Sharing the helm

The author and her former partner, Will. Different cruising styles, but they worked, at least for a while. Photo courtesy Natasha Salvo

December 2023

By Natasha Salvo

When my partner, Will, and I bought our Freedom 36 after only three months of knowing each other, it was, indeed, a mutual enterprise, albeit with specialized roles. He sanded and painted the bottom, and I buffed the topsides. He installed all manner of yacht-worthy accoutrements, and I organized and stowed stuff onboard. Him: “It’s amazing how much you’re able to fit in such a small space!” Me: “That’s how you can find things when you need them!” Before we set sail to live aboard and cruise the coast of Maine, we applied the new name, Nirvana, on the transom. We were truly in heaven.

After our first summer we were a pretty well-oiled machine, our specialization extending to heavy lifting and nimble maneuvering. He was bowman when raising and setting anchor, and I was at the helm deciding where to drop the hook. I kept us steadily into the wind as he raised and lowered the gigantic mainsail. I became adept at docking while he stepped off with the lines, though sometimes we switched off for practice or when I didn’t feel confident, and he always came through.

While underway, we took turns at the wheel, which included sail trim. I grew up living and breathing by tell-tales, whereas he determined trim using overall sail shape, experimentation, and gut feel. When we finally talked about it, we agreed that while we might offer our input, the person at the wheel gets to decide how to set the sails. It was one of many growth opportunities for me to “not sweat the trim,” to quote my uncle Roland, and for each of us to enjoy the ride without the other’s scrutiny.

In most ways, we made a good team, learning together as we went. We both got our hands dirty in the engine compartment: checking the oil, tightening the belts, replacing the coolant, and flushing the raw-water cooling system when we both forgot to open the sea cock at the beginning of our second season. Talk about a learning experience!

Installing the new chart plotter and autopilot were cooperative endeavors, as was working with gooey black Sikaflex when replacing our portlights. And we often puzzled things out together – a leak in the bilge, say – while he took on the role of “fix-it guy” as I stood by handing him tools and taking notes for next time, my inner technical writer instinctively rising to the occasion.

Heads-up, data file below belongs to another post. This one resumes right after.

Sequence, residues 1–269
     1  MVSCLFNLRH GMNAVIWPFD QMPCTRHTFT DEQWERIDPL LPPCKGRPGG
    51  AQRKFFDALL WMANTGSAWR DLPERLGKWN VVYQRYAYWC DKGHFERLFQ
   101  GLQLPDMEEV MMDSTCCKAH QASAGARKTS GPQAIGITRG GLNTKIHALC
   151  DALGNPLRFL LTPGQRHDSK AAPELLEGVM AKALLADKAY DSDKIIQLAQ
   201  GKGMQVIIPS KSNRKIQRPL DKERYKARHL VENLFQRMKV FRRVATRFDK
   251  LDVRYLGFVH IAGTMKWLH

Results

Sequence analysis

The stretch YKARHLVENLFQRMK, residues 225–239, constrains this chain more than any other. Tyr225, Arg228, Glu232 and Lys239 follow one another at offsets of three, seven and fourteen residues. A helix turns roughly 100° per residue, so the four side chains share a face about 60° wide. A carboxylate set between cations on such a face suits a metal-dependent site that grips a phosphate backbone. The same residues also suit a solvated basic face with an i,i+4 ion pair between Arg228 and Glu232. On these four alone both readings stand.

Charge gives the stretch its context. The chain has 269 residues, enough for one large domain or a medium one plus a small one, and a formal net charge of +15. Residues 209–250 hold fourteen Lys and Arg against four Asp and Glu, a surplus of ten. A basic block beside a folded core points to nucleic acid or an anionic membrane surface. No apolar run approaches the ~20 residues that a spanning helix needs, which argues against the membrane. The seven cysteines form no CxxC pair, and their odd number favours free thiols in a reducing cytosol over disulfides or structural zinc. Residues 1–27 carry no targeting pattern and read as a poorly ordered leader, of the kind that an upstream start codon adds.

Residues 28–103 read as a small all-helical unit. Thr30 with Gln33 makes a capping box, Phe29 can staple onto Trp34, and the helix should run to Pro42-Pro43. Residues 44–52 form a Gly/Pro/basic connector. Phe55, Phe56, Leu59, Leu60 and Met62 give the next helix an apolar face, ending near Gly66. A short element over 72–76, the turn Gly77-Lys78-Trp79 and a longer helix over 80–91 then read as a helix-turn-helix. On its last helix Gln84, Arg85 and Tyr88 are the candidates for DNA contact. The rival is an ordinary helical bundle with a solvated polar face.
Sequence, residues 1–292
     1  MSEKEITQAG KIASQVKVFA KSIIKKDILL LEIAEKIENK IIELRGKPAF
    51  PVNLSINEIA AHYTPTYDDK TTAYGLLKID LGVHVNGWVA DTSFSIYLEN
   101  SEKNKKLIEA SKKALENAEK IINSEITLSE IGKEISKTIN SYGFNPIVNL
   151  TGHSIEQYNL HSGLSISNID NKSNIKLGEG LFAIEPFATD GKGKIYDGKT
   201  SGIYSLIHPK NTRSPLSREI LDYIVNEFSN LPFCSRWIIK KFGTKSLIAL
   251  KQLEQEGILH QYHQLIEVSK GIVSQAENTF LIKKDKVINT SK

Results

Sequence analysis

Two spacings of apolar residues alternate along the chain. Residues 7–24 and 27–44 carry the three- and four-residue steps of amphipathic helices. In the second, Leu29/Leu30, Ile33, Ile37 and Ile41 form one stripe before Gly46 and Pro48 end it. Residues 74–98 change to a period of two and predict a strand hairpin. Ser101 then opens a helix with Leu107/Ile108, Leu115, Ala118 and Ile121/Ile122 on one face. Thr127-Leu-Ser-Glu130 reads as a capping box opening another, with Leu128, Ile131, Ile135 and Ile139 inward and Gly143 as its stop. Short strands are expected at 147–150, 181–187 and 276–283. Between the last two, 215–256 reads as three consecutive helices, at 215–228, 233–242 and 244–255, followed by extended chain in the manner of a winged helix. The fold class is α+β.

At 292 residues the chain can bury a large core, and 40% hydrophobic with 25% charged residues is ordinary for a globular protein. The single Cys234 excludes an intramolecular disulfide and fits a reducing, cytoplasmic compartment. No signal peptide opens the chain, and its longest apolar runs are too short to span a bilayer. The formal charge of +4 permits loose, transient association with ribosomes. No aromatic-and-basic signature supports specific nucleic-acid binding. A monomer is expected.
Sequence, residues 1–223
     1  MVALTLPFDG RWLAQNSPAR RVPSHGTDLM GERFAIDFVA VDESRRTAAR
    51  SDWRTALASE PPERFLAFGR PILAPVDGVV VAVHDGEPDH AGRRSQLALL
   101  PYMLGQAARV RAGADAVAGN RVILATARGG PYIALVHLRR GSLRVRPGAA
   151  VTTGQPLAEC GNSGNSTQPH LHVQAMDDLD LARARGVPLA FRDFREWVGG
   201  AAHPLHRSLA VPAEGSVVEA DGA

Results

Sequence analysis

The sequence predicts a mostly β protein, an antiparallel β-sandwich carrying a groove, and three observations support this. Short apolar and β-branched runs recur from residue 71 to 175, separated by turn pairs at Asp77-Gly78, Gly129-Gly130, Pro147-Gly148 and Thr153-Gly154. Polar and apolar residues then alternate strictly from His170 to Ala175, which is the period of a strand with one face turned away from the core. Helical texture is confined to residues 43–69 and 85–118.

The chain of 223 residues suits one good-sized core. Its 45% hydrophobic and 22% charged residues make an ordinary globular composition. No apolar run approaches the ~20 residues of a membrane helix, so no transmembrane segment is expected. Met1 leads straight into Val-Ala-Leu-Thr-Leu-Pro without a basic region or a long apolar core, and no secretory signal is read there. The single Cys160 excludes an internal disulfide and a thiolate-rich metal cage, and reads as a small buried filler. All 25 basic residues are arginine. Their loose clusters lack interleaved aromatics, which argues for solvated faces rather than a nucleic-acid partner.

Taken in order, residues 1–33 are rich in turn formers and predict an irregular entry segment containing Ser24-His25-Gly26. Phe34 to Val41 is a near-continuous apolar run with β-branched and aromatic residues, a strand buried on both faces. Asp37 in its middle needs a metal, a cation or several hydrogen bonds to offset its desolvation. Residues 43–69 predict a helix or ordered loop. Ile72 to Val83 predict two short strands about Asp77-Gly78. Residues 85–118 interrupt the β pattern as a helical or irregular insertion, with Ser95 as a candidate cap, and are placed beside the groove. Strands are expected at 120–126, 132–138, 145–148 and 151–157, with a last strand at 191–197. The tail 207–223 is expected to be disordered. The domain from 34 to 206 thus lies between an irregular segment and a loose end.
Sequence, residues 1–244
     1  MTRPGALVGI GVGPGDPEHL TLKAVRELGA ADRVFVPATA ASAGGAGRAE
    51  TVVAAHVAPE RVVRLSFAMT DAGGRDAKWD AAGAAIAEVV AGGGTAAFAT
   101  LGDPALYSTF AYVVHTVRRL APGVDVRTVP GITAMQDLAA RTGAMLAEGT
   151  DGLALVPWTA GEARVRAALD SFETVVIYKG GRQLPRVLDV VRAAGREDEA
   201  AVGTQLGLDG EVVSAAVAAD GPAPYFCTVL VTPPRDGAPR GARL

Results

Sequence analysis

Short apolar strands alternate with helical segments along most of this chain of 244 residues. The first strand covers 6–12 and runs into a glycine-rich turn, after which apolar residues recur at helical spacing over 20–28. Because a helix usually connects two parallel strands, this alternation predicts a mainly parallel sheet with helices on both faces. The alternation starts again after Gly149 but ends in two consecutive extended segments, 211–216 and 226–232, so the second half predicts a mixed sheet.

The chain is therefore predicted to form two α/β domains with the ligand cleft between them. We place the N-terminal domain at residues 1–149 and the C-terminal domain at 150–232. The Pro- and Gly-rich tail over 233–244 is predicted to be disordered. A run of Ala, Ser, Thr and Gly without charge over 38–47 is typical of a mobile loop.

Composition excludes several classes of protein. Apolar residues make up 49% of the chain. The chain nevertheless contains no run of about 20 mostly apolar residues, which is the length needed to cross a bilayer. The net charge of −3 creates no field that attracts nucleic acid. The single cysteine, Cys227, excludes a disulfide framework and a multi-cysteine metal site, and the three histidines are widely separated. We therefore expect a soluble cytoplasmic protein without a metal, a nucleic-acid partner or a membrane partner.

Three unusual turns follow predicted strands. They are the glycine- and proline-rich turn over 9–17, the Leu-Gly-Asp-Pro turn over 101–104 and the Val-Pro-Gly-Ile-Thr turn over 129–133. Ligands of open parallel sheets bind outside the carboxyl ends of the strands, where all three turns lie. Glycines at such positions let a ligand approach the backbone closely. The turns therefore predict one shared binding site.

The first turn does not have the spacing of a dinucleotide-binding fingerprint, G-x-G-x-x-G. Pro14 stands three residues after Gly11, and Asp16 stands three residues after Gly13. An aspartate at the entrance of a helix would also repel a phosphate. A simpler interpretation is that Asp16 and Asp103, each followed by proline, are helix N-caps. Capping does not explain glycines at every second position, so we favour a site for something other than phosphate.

When it came to navigation, we did weather forecasting and general passage planning together, and I did most of the electronic chart plotting. My techie brain and detail-oriented nature – along with a significantly stronger desire to know where we were going when we set out – meant I spent way more time reading cruising guides and reviews to inform where to drop a pin for the night. He, on the other hand, had more of a discover-as-you-go approach. Over time, this difference became somewhat polarizing, with my nose buried in the tablet for what he considered way too long. Again, when we finally talked about it, I agreed to spend less time route-planning and we tried to do more of it together.

Depending on who was at the helm, a route is either a visual guideline or a continuous bearing to waypoint (BTW). I personally loved the challenge and satisfaction of keeping the course over ground as close as possible to the BTW, whereas he was more in favor of following the magenta line as a general guide. But what difference does it make, as long as you don’t run aground, right? And yet, when you travel 3,000-plus miles, you’re bound to run aground, and we each did, and you learn that it’s not the end of the world, just part of the journey. But how close is too close? And too close for whom?

Over time, “following a route” became a metaphor for the ongoing dance between surrender and control, which I came face-to-face with on a regular basis living on a sailboat. And herein lies the more subtle and complex implications of sharing the helm – acknowledging, respecting, and navigating each partner’s need and desire for comfort, safety, and adventure, balanced against our different tolerance levels for the unpredictable nature of sailing.

For me, there were any number of hairy moments going in and out of inlets, which didn’t faze him. Sailing offshore in rolling seas was a thrill to him and beyond uncomfortable to me. I responded to equipment failures and other challenging situations brilliantly in the moment, but was often a basket case afterwards. And while it was a relief to share the helm when I felt beyond my capacity, surrendering control had its own challenges, namely learning to trust my co-captain while simultaneously maintaining my own sense of personal safety.

Having previously owned my own boat, it was sometimes hard to loosen my grip, especially having grown up with a father who “knows everything,” which I’ve internalized as “the right way to do things on a boat.” At other times, it was hard to stand my ground when the captain in me said to stand, not due to lack of competence but rather lack of confidence, especially when faced with his.

While there were certainly times when we butted heads or agreed to disagree, we also owned our mistakes and celebrated our successes. Our tradition each time we dropped anchor was a high-five along with, “Another safe passage!”

After almost two years cruising together in Maine, Italy, and the Bahamas, we’re no longer sharing the helm, but the experience was well worth it. There were lessons in competence and confidence, strength and humility, trust and letting go, and a whole lot of fun and adventure along the way!

Natasha Salvo lives in South Portland where she’s exploring life back on land. She wrote a blog of her adventures, which you can read at